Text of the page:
Labour’s John McDonnell ‘hopeful’ after latest Brexit talks with the Government
Labour’s John McDonnell has said he is “hopeful” as the latest Brexit talks between his party and the Government wrapped up.
Emerging from the Cabinet Office after the latest round of discussions aimed at breaking the deadlock over Britain’s European Union departure, the Shadow Chancellor said talks had been “constructive” and confirmed that the two sides were now “working out a timetable” for fresh discussions.
Describing the talks as “hopeful” and “positive”, the Labour frontbencher told reporters: “There’s a fair amount of detailed work that will go on over the next week to ten days and then we’ll see where we’re at."
Among other demands, Labour has been urging Theresa May to ditch her long-standing opposition to joining a post-Brexit customs union with the EU, a move that has already prompted fury from Eurosceptics in her own party.
But the Prime Minister - whose EU deal has been defeated in the Commons three times - raised hopes of a breakthrough when she told MPs on Thursday: "I think there is actually more agreement in relation to a customs union than is often given credit for when different language is used.”
Asked whether Mrs May had given ground on any of her Brexit red lines in the latest discussions, Mr McDonnell said: “We’re trying to be as constructive as we possibly can on all sides and we’re trying to be as positive as we possibly can.
“But we’ll see by the end of next week how far we’ve got.”
The Shadow Chancellor was also pressed on whether Labour had spoken to the government about a second referendum on any Brexit deal, telling the BBC: “It’s always on the table, of course. We raise that at each meeting.”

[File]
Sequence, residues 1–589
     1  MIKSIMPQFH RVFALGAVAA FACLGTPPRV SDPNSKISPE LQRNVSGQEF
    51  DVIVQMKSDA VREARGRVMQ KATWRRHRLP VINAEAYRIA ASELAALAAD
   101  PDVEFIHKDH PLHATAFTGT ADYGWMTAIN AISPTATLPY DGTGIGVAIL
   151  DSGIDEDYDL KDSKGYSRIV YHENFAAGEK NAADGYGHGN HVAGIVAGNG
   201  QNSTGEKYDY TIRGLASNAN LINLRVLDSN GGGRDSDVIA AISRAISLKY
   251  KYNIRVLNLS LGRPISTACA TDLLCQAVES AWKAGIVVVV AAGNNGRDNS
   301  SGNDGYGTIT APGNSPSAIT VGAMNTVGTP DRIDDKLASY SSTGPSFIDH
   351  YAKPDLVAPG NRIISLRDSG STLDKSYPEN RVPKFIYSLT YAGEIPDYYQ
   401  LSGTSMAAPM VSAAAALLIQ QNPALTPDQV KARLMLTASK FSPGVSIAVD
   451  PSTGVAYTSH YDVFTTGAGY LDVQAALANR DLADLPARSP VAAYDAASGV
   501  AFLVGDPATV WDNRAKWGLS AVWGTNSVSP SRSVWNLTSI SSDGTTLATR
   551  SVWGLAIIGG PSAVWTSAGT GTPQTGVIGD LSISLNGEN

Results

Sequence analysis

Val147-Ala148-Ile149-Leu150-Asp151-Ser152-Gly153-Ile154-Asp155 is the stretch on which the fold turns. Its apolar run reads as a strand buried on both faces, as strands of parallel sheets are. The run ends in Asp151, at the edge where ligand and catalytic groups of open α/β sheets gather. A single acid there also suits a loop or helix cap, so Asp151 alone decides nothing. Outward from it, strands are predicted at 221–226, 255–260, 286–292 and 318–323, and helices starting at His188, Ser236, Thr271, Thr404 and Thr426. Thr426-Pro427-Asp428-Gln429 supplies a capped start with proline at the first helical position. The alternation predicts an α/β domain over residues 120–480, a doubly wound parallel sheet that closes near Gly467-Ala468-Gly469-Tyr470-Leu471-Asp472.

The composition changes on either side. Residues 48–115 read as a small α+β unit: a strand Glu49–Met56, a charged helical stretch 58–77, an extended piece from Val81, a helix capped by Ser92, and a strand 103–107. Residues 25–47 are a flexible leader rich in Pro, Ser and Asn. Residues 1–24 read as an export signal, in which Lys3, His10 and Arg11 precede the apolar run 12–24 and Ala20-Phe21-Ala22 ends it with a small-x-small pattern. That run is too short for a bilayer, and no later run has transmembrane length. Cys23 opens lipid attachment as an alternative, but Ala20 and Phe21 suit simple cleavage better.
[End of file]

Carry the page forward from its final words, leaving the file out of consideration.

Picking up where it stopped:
The latest batch of talks between the two sides come after Mrs May was granted a further Brexit delay, with the Article 50 process extended until 31 October following a crunch meeting of EU leaders.
The Prime Minister has said she still hopes to ratify a Brexit deal by 22 May so that the UK does not need to take part in the European Parliament elections the following day.
Chancellor Philip Hammond on Friday told the BBC on that taking part in the fresh European elections would be "pointless" - and urged MPs to "quickly" get behind a deal to allow a focus on other areas of public policy.
"Clearly nobody wants to fight the European elections,” he said.
"It feels like a pointless exercise and the only way we can avoid that is by getting a deal agreed and done quickly, and if we can do that by 22 May, we can avoid fighting the European parliamentary elections.
"In any case we want to ensure any British MEPs that are elected never have to take their seats in the European Parliament by ensuring this is all done well before the new European Parliament convenes."